In an ideal world, individuals would use encryption that would protect their privacy from the run-of-the-mill attacker but not from the government.
Governments abused countless innocents throughout history. Trusting the government is foolish; one should always be cautious of what they do or say, but not mindlessly so.
In this case, it's not an issue of a lack of trust; this man's position is fundamentally ridiculous and privacy would be important even in an "ideal world" where the government was full of perfect beings.
That's fine so long as you understand the tradeoff you are advocating.
It will likely involve an increased amount of crime, terrorism and money spent on resources to tackle the aforementioned problems. I don't know how much of an increase we're talking about.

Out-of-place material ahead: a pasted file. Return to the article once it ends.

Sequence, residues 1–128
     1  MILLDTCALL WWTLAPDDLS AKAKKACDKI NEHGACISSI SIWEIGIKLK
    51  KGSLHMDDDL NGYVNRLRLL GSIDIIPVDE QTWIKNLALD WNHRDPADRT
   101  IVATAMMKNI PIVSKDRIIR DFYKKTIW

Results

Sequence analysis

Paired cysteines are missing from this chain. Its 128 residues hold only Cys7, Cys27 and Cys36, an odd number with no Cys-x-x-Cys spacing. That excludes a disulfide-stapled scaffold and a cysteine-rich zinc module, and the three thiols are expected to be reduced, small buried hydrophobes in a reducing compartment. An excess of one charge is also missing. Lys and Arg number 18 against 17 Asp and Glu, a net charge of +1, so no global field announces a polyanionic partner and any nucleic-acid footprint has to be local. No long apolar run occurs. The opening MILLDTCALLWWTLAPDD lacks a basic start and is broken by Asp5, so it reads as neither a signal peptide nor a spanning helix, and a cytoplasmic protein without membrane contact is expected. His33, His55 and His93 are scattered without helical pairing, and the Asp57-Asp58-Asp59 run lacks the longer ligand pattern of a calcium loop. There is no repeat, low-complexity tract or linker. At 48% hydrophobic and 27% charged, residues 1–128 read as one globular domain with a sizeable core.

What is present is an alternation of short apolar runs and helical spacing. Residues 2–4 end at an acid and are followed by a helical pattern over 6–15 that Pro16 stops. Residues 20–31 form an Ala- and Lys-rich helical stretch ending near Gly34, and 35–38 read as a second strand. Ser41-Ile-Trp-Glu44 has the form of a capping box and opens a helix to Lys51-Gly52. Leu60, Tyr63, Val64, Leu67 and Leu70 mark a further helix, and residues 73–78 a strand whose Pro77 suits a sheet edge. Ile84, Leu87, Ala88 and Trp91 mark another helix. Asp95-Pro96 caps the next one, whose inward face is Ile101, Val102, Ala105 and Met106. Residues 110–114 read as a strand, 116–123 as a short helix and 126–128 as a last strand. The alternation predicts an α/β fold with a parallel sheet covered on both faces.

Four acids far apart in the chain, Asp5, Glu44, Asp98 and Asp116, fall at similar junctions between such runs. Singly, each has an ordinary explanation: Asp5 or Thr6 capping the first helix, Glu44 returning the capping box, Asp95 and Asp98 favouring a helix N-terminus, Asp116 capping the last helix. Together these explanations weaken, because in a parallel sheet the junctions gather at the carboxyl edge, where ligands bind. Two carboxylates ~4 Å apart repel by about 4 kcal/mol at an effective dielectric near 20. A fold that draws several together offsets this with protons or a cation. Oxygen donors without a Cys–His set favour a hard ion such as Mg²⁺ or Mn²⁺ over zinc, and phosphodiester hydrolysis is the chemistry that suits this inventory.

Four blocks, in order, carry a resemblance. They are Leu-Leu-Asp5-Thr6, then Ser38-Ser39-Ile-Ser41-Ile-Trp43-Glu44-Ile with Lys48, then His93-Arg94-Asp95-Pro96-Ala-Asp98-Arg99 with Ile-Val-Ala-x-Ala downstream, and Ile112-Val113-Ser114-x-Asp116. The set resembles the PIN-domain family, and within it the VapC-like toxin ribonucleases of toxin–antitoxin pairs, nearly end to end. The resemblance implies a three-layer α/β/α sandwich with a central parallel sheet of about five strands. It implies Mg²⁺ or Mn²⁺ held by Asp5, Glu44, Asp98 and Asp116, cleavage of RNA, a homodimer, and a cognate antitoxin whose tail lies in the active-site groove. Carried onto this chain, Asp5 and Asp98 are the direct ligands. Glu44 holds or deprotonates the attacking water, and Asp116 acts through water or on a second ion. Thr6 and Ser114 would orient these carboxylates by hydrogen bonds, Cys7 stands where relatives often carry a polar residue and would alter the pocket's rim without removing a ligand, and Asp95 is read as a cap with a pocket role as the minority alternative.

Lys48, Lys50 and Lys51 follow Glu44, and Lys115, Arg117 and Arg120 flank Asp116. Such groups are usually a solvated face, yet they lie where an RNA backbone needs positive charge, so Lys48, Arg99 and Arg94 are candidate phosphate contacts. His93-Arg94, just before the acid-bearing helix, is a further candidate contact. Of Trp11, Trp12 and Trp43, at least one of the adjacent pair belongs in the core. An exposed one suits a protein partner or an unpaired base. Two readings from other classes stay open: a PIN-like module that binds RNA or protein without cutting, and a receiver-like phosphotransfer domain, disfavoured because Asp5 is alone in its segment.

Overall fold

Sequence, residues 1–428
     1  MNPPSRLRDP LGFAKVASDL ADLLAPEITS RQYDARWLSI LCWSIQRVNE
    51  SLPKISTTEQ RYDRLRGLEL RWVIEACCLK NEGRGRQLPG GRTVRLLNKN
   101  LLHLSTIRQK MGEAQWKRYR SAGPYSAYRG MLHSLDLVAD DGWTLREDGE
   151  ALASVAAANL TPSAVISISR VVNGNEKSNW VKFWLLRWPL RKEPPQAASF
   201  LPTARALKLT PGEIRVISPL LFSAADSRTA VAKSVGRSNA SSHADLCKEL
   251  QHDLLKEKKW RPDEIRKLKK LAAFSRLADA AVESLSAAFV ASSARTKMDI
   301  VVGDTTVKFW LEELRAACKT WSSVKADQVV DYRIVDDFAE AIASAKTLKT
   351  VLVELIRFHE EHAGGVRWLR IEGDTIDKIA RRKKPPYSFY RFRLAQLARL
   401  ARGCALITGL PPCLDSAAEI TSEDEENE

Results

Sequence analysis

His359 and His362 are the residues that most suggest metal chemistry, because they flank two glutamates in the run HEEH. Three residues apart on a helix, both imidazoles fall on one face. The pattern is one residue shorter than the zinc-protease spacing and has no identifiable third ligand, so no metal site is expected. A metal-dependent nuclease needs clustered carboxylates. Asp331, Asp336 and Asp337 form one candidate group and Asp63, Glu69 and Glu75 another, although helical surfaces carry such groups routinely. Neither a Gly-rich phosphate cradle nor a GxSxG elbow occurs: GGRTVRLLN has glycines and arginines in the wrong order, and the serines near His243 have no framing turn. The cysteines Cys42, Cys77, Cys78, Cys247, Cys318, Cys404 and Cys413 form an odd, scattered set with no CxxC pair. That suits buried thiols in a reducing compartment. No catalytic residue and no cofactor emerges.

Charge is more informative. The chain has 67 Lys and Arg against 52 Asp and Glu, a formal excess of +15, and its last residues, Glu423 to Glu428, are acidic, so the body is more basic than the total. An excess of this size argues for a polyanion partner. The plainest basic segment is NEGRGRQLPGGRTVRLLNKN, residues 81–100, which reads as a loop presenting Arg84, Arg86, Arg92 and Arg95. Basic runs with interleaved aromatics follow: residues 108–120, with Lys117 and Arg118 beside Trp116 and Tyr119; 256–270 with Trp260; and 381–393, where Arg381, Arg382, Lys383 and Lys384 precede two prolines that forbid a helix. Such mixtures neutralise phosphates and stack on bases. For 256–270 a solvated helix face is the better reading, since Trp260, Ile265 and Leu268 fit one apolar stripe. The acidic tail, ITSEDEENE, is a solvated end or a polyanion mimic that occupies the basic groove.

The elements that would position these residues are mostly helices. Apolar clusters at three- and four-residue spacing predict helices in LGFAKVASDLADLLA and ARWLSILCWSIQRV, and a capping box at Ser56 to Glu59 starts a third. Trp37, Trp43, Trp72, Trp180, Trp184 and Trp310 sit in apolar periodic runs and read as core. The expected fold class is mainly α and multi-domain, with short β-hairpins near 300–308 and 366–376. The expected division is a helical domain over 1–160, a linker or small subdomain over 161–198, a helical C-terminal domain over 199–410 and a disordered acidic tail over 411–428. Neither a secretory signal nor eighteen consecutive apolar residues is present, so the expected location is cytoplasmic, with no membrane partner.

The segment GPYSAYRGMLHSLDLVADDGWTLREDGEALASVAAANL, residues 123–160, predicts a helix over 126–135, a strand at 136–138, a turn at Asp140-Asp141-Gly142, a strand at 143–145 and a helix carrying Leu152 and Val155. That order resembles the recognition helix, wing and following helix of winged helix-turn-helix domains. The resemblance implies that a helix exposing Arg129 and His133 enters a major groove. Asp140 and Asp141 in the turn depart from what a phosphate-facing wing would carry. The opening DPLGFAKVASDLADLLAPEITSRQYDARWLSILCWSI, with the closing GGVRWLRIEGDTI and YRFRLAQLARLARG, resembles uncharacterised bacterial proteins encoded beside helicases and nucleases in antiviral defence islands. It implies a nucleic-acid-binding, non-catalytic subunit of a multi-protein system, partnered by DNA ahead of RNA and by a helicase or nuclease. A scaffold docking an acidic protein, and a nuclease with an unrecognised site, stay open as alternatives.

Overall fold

On the flip side, it will be harder for the government to snoop on its citizens. Again, I'm not sure how much harder it'll actually be.
Personally, I'd rather risk some unwanted government snooping (there will always be some bad apples) compared to the risk of crime and terrorism groups gained a foothold. The former is a potential attacker. The latter is a guaranteed attacker. The former provides some form of transparency. The latter provides none.
I don't believe that you can have it both ways. I see this as choosing the lesser evil.